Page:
$700 Toilet Seats

Hey guess what, everybody! Someone found $900 million worth of stuff in the Pentagon’s sofa cushions:

The Army program charged with keeping thousands of eight-wheeled Strykers running over the past decade had its eye so much on wars in Iraq and Afghanistan that it neglected to keep its books.

It accumulated nearly $900 million worth of Stryker replacement parts – most of them in an Auburn warehouse – with much of the gear becoming outdated even as the military continued to order more equipment, according to a Defense Department Inspector General report released late last year.

Take, for instance, the $57 million worth of obsolete infrared equipment the Army has not installed in Strykers since 2007. It lingered at the Stryker warehouse until the Inspector General called attention to it last year.

Or, the 9,179 small replacement gears called pinions the Army bought as a temporary fix for a Stryker suspension problem that surfaced between 2007 and 2009. The Army took care of the root malfunction in 2010, but kept buying pinions.

It needed only 15 of the gears. The 9,164 extra pinions are worth $572,000, the Inspector General reported.

Yes, Republicans. Do tell me how we can’t possibly cut the Pentagon budget without “endangering the homeland.” I’m all ears. And while you’re at it, remind me how food stamps and Head Start are budget-busters but the Pentagon ordering hundreds of millions of dollars of parts it can’t even use is not.

The Stryker inventory is purchased from major defense contractor General Dynamics, which has a no-bid contract. They, of course, had no comment. Of interest:

The military had awarded General Dynamics a no-bid contract that promised to reimburse its expenses for maintaining the Strykers while adding a fee, giving the company little incentive to control costs.

Yes, that would be wrong. Because freedom and SHUT UP.

BTW I find it amusing that the article quotes Lexington Institute “defense analyst” Daniel Goure, who is quoted as saying of the error,

“This is truly much ado about nothing” he said. “It’s essentially miscommunication.”

Goure appears all over the mainstream press with regularity. You’ll see him quoted in the New York Times and he’s on NPR, Fox and NBC, to name a few. As he was in this story, Goure is always identified merely as a “defense analyst with the Lexington Institute.” First of all, he’s a vice president, not a mere “analyst.” And then, of ocurse, no one ever bothers to mention that Goure worked in the Bush Administration Defense Department, was part of the PNAC study group that gave us the glorious Iraq War, and that the Lexington Institute is another one of those free-market, the-Constitution-is-cemented-in-the-18th-Century far-right talking point factories which has taken such extreme positions as advocating we withdraw from NATO. Furthermore, the Lexington Institute is funded by the same defense contractors that its “analysts” are always defending in the press (indeed, Lexington Institute founder James Courter was a lobbyist for such defense contractors as Lockheed Martin and SRI International.) So, y’know, just your average military industrial complex neocon.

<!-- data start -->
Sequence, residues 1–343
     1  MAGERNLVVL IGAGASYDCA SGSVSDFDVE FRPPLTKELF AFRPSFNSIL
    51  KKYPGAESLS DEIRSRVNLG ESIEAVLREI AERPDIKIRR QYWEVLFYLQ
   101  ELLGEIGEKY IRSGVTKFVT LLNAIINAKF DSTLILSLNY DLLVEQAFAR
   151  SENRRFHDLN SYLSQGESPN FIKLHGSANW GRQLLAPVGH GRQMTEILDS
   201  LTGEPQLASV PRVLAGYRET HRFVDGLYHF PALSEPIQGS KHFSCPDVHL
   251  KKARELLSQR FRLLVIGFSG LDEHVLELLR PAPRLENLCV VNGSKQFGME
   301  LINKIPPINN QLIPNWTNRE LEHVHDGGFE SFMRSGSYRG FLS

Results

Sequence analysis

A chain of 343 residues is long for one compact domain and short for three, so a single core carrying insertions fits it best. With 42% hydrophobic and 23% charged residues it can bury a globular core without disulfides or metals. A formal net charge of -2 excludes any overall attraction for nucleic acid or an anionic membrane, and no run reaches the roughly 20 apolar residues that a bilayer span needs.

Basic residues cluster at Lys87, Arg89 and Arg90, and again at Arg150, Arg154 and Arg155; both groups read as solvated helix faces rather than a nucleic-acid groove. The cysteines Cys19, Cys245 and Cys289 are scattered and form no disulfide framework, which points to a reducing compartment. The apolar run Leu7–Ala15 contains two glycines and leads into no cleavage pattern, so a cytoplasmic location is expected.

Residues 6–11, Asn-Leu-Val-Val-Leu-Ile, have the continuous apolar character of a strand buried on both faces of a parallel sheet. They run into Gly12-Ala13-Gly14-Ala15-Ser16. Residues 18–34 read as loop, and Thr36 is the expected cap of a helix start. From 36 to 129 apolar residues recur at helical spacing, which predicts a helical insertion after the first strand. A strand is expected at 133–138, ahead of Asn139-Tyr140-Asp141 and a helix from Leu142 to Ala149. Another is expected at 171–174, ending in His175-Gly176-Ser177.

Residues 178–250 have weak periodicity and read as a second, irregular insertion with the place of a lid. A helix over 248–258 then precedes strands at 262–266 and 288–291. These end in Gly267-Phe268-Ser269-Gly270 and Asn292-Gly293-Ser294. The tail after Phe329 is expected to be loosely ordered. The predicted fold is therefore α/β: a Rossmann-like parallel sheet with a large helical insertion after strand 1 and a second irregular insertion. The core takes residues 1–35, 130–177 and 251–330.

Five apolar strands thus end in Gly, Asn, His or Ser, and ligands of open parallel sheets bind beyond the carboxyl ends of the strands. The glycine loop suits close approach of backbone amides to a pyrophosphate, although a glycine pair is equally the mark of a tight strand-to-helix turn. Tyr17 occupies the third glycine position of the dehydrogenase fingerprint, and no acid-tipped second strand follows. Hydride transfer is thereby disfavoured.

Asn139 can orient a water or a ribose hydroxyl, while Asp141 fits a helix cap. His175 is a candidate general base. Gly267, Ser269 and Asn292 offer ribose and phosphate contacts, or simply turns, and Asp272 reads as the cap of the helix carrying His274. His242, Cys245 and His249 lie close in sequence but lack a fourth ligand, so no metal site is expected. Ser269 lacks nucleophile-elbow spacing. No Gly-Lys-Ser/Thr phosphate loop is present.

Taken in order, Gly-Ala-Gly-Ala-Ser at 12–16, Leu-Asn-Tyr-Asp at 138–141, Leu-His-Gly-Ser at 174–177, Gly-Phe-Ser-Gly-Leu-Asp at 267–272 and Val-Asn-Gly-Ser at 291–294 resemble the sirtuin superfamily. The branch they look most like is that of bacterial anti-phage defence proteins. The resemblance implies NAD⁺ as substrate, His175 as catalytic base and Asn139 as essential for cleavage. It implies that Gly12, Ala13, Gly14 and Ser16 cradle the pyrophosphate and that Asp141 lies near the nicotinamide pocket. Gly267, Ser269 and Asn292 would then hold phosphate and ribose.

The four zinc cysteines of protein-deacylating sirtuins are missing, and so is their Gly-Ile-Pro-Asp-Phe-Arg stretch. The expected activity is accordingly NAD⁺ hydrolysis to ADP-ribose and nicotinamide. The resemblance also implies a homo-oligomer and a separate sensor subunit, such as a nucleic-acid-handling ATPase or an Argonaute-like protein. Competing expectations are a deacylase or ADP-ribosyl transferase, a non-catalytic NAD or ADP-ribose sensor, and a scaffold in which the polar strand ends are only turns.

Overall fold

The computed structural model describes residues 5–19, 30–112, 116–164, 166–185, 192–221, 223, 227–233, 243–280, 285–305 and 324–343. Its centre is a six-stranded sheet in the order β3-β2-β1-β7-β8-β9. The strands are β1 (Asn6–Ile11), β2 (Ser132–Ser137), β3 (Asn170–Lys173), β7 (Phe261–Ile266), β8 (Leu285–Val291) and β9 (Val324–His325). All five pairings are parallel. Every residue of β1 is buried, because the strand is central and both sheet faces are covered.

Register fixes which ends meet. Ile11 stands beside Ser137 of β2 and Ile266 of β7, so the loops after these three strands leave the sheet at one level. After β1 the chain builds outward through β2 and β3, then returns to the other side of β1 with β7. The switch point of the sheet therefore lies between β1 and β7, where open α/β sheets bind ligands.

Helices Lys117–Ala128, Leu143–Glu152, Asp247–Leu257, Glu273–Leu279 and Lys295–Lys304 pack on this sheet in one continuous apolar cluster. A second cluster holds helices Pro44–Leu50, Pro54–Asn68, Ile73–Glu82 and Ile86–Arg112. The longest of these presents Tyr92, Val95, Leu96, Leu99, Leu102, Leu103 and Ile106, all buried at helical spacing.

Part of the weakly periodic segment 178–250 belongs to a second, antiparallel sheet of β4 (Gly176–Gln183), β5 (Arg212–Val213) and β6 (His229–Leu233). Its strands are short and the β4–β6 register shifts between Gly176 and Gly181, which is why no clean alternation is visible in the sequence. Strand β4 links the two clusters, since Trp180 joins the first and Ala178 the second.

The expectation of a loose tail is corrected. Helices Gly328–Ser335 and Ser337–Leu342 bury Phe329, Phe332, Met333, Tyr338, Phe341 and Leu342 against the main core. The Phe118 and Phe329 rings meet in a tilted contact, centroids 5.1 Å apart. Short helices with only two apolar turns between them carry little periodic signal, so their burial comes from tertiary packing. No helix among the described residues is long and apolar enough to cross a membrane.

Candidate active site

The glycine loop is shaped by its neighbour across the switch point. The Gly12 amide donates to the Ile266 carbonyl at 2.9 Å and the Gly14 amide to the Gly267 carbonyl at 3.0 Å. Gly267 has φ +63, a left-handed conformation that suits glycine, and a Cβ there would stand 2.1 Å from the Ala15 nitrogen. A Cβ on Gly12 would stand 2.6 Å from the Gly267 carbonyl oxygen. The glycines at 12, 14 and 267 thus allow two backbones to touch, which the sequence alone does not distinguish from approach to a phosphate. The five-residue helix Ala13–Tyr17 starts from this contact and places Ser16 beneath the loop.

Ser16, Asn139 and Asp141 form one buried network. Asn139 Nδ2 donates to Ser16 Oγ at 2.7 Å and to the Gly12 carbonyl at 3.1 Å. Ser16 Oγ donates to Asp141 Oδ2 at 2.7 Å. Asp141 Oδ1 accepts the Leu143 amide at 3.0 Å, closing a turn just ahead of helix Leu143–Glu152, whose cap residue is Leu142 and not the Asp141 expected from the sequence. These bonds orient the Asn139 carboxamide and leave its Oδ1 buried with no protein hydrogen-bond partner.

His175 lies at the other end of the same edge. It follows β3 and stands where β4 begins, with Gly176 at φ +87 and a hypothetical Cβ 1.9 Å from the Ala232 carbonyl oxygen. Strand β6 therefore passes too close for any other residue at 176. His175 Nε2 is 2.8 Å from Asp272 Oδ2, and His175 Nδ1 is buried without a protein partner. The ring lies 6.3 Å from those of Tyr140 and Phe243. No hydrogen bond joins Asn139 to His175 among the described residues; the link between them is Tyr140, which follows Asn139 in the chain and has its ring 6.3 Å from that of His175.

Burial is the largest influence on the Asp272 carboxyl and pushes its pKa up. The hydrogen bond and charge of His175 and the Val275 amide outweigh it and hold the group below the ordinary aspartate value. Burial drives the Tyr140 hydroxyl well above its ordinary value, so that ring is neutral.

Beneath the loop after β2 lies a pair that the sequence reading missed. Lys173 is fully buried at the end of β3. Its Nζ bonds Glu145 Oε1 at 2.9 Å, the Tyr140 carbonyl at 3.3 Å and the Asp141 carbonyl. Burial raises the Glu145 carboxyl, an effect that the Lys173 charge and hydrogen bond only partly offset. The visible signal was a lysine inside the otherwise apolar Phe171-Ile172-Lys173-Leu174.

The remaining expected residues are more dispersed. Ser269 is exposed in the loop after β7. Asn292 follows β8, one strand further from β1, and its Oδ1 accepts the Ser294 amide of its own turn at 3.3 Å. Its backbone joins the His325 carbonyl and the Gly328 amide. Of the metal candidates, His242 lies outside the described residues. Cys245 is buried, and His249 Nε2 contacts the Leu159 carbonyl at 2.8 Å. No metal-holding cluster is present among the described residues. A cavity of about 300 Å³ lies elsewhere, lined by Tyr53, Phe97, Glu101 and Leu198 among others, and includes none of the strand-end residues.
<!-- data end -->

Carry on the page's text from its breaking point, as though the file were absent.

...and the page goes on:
This $900 million “no big deal” is proof of the grift and graft you get when the for-profit private sector bellies up to the government sugar tit. But again, it’s no big deal! Only $900 million! Quit yer whining! (By the way, that’s 90 times more than what we give Big Bird.)

Fiscal phonies.

By the way, we only needed 15 pinions but somehow managed to buy 9,179 of them? And nobody noticed? Shouldn’t there be some kind of Congressional investigation?


Filed under budget, military contractors, Pentagon

7 responses to “$700 Toilet Seats

  1. Eykis

    Yes, there should be BIG TIME INVESTIGATION. Where is Witch-Hunter Darrell Issa along with Lindsey Graham and John McCain?

  2. It’s outrageous. Reminds me of the movie Independence day. The President asked the researcher where Area 51 facility was getting its funds … answer: from $5000 toilet covers.

  3. Jim

    SB – I agree with you. Waste in all areas of the government needs to be eliminated. On top of the waste, the Defense Budget can also be cut significantly by closing our foreign bases that we don’t need and eliminating programs that are out dated. The problem is usually Congress and not wanting to reduce spending in their districts. Asking a congressman to vote for less money coming into their district is like asking them to resign.

    • I think we agree on this one. And as far as closing foreign military bases goes, that’s one that foreign governments get upset about 9 times out of 10. Our foreign military bases are big economic boons to some of these places. These military bases are little more than outposts of American hegemony. Ramstein in Germany was critical for the Iraq and Afghanistan wars. These foreign bases will never be closed until America decides it doesn’t want to rule the world. And I’m pretty sure that will never, ever happen. So, we have to suck it up.

  4. ThresherK

    Never heard of the “Lexington Institute”, but…

    Has it become so predictable that I can safely reject out of hand anything newly (post-Reagan) named after a person or placename I learned from our Revolution as a schoolchild?